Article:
Moon Tae-Hwa stares at his computer, dizzy and nauseous from the hours of porn he’s viewed online while his wife and children slept. He feels no shame – only a righteous sense of mission.
“I feel like I’m cleaning up dirty things,” the devout Christian and family counsellor said.
Moon is among the most successful members of the “Nuri Cops” (roughly “net cops”), a squad of nearly 800 volunteers who help government censors by patrolling the Internet for pornography in their spare time.
Hmmn, so these 800 people volunteer to hunt for all the nasty dirty porn out there, to protect their fellow citizens from it. You know, that sounds like quite a fun job!
Unlike most developed nations, pornography is illegal in South Korea, though it remains easy for its tech-savvy population to find. More than 90 percent of South Korea’s homes have high-speed Internet access, and more than 30 million of its 50 million people own smartphones.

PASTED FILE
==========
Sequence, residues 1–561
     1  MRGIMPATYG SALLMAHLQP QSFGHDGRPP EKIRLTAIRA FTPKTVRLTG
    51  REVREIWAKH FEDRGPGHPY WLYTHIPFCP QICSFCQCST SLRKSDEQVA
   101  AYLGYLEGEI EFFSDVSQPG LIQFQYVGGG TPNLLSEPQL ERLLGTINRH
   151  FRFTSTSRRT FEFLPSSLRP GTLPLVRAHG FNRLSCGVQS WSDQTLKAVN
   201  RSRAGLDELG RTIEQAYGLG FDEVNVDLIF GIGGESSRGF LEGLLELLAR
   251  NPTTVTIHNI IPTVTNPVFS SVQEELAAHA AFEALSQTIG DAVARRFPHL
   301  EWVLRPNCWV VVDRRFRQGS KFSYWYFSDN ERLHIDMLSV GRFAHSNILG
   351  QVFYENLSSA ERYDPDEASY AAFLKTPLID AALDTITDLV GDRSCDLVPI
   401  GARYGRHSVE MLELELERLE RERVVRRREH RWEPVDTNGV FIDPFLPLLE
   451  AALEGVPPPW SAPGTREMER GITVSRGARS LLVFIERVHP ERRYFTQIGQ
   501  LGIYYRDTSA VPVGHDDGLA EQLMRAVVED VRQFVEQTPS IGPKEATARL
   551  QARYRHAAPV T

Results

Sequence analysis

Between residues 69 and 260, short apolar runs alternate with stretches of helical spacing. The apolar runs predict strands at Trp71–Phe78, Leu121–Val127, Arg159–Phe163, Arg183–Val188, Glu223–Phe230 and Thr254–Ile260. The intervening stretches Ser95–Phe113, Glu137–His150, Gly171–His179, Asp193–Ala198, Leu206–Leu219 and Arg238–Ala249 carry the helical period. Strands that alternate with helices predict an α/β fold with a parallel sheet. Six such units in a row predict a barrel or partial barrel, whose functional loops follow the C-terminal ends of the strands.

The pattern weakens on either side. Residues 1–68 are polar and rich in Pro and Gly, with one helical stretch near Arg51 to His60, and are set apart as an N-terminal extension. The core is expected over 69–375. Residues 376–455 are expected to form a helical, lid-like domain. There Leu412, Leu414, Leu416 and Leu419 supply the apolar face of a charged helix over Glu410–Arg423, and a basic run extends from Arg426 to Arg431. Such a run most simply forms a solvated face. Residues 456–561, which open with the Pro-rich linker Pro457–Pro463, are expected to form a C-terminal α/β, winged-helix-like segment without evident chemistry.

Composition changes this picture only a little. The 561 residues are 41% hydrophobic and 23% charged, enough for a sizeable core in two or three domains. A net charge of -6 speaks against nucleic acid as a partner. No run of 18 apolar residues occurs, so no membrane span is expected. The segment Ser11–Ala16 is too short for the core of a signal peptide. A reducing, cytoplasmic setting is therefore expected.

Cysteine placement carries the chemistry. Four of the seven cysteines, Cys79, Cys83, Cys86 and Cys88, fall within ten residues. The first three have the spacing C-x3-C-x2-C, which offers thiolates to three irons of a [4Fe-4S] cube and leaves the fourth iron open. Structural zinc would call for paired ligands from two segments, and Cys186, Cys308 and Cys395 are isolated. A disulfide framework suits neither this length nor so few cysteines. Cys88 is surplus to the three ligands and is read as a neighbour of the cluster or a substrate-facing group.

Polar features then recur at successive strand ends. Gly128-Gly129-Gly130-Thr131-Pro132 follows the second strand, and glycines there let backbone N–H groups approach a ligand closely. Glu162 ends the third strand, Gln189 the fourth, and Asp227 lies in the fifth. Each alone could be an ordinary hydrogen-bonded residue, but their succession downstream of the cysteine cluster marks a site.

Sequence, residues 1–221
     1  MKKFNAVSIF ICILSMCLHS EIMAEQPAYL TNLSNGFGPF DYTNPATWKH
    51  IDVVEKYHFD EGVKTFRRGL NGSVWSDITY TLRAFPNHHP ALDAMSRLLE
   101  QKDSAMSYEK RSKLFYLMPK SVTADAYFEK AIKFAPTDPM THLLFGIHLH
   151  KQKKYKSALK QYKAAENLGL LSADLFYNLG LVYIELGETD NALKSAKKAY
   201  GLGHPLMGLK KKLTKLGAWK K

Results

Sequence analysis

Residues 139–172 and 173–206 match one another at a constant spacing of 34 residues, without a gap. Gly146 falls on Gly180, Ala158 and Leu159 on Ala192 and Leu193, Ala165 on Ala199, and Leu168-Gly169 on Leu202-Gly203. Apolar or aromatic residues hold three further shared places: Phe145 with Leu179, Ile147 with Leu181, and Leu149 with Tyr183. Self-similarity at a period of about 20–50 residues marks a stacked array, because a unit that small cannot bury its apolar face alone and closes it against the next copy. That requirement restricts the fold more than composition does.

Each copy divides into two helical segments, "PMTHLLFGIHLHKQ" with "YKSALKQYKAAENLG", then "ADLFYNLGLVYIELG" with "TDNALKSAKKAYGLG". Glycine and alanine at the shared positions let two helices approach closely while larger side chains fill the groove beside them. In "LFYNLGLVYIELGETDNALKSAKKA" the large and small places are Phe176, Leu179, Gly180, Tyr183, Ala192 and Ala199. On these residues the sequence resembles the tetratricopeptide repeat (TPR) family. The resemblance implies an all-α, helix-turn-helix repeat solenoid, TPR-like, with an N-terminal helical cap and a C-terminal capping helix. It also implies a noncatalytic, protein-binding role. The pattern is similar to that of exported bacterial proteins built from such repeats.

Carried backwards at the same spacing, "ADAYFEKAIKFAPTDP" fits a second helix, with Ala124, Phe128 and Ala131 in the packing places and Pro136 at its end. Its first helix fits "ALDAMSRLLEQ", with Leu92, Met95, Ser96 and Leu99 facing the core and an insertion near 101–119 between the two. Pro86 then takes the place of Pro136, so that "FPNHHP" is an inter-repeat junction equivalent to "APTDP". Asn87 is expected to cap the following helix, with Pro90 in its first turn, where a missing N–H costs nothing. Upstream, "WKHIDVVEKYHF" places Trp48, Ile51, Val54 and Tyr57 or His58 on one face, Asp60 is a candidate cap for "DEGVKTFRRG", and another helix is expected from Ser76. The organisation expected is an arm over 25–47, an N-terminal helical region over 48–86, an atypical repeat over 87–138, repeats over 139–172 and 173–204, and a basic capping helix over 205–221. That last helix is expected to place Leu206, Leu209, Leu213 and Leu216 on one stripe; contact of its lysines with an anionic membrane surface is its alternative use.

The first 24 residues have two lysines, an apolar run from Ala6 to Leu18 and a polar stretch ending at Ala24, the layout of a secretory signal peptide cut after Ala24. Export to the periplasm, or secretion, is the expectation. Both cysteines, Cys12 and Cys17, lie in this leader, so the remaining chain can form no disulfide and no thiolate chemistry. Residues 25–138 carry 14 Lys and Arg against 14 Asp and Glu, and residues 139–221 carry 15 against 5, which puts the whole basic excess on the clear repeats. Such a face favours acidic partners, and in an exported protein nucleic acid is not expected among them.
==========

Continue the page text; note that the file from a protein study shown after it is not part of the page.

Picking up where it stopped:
“It’s like shovelling snow in a blizzard,” Moon conceded.
But nevertheless, he’ll happily carry on spending eight hours a day, seven days a week searching for all that pornography so he can complain to someone about it. True valiant servants.Tags: porn, South Korea